• Digitalisation strategies and policies often lack “appropriate approvals and progress reports” to ensure effective steering. However the report commended the up-skilling of management bodies, better equipping them to oversee digital transformation.

  • Most banks use Agile project management in their digital transformation projects.

  • There is a disconnect between projected financial cost savings per digital initiative, which are based on the on-time and within budget delivery of project milestones, and the agile project management strategies adopted which are inherently flexible, allowing room for delays, overruns and replanning. The report claims that this disconnect is widening overtime and that there is “no lessons learned process to feed back into future financial plans.”

Full news release available here


G7 to hold first meeting on AI regulation

Group of Seven (G7), the intergovernmental political forum consisting of Canada, France, Germany, Italy, Japan, the United Kingdom and the United States, has announced that it will meet to consider problems posed by generative AI tools, such as artificial intelligence research lab OpenAI’s ChatGPT.

In recent months generative AI, which utilises large language models to generate new and unique content based on patterns in training data, has become increasingly prevalent and has integrated into a broad range of software product offerings.

Leaders of the G7, also agreed to the creation of an intergovernmental forum, which is called the Hiroshima AI Process, to debate AI-related issues.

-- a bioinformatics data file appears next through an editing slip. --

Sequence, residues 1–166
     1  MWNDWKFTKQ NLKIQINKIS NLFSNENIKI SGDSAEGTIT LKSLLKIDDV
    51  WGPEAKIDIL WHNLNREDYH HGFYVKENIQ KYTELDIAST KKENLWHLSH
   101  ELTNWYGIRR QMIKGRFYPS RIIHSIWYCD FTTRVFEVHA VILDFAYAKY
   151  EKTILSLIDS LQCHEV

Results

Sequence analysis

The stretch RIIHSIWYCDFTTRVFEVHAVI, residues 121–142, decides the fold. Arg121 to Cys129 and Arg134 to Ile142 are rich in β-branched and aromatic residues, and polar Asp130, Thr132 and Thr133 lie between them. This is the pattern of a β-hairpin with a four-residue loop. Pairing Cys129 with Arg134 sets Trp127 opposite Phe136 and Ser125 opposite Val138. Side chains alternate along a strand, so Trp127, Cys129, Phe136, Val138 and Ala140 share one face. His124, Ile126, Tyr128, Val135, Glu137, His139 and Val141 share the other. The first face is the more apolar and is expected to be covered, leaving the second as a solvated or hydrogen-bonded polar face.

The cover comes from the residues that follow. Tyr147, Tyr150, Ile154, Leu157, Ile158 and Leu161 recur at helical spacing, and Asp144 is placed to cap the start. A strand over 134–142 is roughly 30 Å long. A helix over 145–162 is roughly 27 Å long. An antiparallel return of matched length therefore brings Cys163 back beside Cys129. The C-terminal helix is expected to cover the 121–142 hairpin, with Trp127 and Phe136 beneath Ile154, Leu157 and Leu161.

Full article available here


EU steps closer to world’s first rules on Artificial Intelligence

The European Internal Market Committee, which is responsible for the legislative oversight and scrutiny of EU rules on the single market, and the EU’s Civil Liberties Committee, which is responsible for protecting civil liberties and human rights, have adopted a draft negotiating mandate on the world’s first ever Artificial Intelligence rules. The draft aims to ensure that AI systems are: “Overseen by people, are safe, transparent, traceable, non-discriminatory, and environmentally friendly”. 

A vote of the entire European Parliament on the outlined proposals is expected during the 12-15th June parliamentary session.

More details available here


UK competition watchdog to investigate AI

The Competition and Markets Authority, the UK’s competition regulator, has launched an initial review of AI models. The investigation, which will focus primarily on large language models and generative AI (the technologies underpinning tools such as Open AI’s Chat GPT), comes in response to the UK governments request for regulators to consider “how the innovative development and deployment of AI can be supported against five overarching principles: safety, security and robustness; appropriate transparency and explainability; fairness; accountability and governance; and contestability and redress.”

This initial review aims to:

  • Examine how the competitive markets for foundation models and their use could evolve

  • Explore what opportunities and risks these scenarios could bring for competition and consumer protection

  • Produce guiding principles to support competition and protect consumers as AI foundation models develop

Full details available here


[Image Source: DBS Bank]